Mary Berry, the doyen of AGA and all things home baking, has been that a lady I have grown up with through both my education and my career. She is a lady I hold in high regard and when I first met her I realised that she was just that, a real lady. Her mannerisms, how she conducts herself and her words make her such a kind and beautiful human being.
Mary has been known within AGA for a lot more years than I. She has been a great friend of AGA and a few years back at an AGA Demonstrators conference she addressed us as the after dinner speaker. I remember Mary telling us that she trained at the Le Cordon Bleu Cookery Schools, one of which I first worked at when I moved to London. I remember Mary’s work actually trained me when I was taking my A-Level Home Economics back in Portadown College all those years ago; I was taught with Mary Berry’s “Cookery in Colour” – one of the first ever cookery books that was filled with colour pictures. Now, please be careful, I’m not that old. I am in fact just 34! But Mary’s work has featured heavily in my career. She has written over 70 cookbooks which is incredible. I have written 8 so far and I know the amount of writing, research and testing that is involved. The AGA Book that is still shipped with every AGA purchased is written by Mary. In my world it is the ‘other’ Bible.
Last night the first episode of the new series of “The Great British Bake Off” was screened. I do love that series and the way that Mary has used it to encourage British people to get back to baking. However, last week I found an article in the Telegraph.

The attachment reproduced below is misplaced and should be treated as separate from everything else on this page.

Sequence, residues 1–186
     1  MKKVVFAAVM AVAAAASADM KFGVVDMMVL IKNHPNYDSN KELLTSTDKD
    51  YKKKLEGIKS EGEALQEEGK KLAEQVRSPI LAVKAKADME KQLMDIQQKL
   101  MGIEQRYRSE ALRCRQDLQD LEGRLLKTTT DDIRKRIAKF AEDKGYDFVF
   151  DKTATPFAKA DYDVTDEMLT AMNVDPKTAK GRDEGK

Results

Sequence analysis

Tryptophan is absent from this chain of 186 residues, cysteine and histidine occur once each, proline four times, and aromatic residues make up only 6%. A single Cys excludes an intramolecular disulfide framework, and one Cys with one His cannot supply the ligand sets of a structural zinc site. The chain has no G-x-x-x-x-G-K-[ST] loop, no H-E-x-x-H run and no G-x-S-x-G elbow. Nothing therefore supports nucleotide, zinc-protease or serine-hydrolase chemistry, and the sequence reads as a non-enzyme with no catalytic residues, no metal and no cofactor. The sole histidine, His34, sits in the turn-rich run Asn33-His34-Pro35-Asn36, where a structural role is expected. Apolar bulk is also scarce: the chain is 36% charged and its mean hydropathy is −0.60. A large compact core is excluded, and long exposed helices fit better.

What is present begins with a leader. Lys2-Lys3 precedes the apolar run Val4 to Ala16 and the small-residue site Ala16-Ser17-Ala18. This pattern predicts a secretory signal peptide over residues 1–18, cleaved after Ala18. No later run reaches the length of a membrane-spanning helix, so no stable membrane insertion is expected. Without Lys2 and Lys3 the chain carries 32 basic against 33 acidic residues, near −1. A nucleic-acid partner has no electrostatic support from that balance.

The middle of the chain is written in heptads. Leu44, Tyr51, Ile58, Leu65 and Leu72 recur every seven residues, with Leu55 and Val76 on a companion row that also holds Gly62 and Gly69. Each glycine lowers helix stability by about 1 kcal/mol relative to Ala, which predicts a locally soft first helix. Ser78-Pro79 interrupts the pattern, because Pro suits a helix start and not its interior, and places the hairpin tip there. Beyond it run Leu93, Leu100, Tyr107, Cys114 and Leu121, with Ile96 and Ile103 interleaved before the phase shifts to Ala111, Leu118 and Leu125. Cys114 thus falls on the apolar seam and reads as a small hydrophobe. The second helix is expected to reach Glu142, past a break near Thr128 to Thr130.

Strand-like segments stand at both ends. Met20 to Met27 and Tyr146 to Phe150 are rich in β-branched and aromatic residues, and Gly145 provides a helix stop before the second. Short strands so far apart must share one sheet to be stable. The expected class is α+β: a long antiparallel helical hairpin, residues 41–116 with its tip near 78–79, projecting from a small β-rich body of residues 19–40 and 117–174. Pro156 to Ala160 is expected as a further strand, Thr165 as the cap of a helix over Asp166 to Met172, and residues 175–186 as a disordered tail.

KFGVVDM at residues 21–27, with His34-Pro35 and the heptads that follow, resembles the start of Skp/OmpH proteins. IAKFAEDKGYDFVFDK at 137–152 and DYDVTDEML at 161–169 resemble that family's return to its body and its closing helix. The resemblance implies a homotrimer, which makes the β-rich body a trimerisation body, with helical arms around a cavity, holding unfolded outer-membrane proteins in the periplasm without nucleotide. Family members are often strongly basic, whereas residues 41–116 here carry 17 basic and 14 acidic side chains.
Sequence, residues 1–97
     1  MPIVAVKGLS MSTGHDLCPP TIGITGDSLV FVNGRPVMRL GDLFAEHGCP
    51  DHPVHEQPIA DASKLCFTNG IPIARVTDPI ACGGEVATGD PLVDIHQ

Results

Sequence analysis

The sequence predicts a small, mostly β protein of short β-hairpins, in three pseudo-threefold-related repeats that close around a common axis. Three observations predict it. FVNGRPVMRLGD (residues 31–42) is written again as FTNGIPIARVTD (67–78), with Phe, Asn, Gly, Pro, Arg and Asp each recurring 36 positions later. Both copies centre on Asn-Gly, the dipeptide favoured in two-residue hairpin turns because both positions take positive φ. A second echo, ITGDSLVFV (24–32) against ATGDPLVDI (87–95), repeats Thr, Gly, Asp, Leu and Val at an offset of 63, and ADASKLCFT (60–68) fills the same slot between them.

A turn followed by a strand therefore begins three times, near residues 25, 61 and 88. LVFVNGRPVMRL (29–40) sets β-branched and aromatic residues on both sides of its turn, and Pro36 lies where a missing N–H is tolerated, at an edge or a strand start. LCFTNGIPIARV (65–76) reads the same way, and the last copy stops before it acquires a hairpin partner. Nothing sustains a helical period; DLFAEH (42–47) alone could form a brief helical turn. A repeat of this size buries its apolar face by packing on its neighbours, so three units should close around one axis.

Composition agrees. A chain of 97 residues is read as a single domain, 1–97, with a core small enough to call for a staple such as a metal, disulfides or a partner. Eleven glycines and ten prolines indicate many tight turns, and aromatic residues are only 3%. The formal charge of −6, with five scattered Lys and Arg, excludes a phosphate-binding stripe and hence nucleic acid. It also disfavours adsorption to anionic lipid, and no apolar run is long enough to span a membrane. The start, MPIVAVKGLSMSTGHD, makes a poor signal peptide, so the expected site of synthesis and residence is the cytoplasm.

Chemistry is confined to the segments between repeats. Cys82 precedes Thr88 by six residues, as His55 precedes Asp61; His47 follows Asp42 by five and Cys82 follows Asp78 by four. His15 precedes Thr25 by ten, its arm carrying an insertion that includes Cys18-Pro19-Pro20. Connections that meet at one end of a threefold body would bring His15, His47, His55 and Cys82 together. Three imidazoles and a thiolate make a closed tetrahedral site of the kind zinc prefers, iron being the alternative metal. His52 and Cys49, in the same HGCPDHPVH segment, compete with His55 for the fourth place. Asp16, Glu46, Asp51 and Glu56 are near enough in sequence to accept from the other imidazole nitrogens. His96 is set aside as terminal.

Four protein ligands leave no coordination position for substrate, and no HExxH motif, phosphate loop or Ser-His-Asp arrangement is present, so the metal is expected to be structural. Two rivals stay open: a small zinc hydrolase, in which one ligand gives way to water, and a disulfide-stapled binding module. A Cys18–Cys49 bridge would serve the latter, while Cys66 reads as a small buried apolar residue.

I have to say I agree in one way and not in another. Yes cookery in schools is a nice idea but what will the students learn? I find with cooking at school (and many cookery schools at that) they just teach recipes. It is more just like teaching a nursery rhyme like “Jack and Jill went up the hill“. Not that useful.
However, I feel that teaching food skills is much more important. For example, teaching the process of ‘rubbing in’ teaches the students how to make pastry, bread, pasta, crumble and some cakes. Teaching the application of heat with food teaches roasting, baking, grilling, frying, stir-frying etc. A little bit of nutrition goes a long way. Simply learning what is good for you and what is not so good will help the avoidance of junk food (hopefully) and give the student the opportunity to know a skill for life that is a healthy balanced diet. My mum is a home economics teacher and has taught this for years. She taught me well but the theory of this is not necessarily for all. It’s a subject dear to my heart that I have adopted as my profession as Home Economics.
Jamie Oliver has worked on this for years, I applaud him. Mary has taught countless families and individuals with her kind manner on TV, in the press and in her books how to cook well and live full happy lives with great diets.
Mary, thank you for taking this stand and bringing the attention of the nations health to the fore, especially in a time of legacy for our country after the Olympics. My work with the International Federation for Home Economics across the globe has been working on this for years. Home Economics Victoria in Australia do similar work in schools, advising teachers, modernising the curriculum and promoting that great book “Cookery the Australian Way“. Likewise my colleagues in The Ontario Home Economics Association, Canada.
I urge the global Governments to talk to people like Mary Berry and myself and to learn from us. We all need to understand that food is not just for cooking and that it is there as a life skill. Home Economics dovetails into many other subjects and like English and Mathematics it’s one we all need through life.
Home Economics is not cooking. It’s life skills, it’s about factors that affect a household in terms of food, clothing, shelter, energy. In essence what comes into a house and what goes from it. Chefs’ are not trained this life skill. Celebrity Chefs have the media (after all Jamie Oliver is reported as wanting to have Brad Pitt play him but Mary and I and the global home economics associations ARE the ones to help teach this important area of education.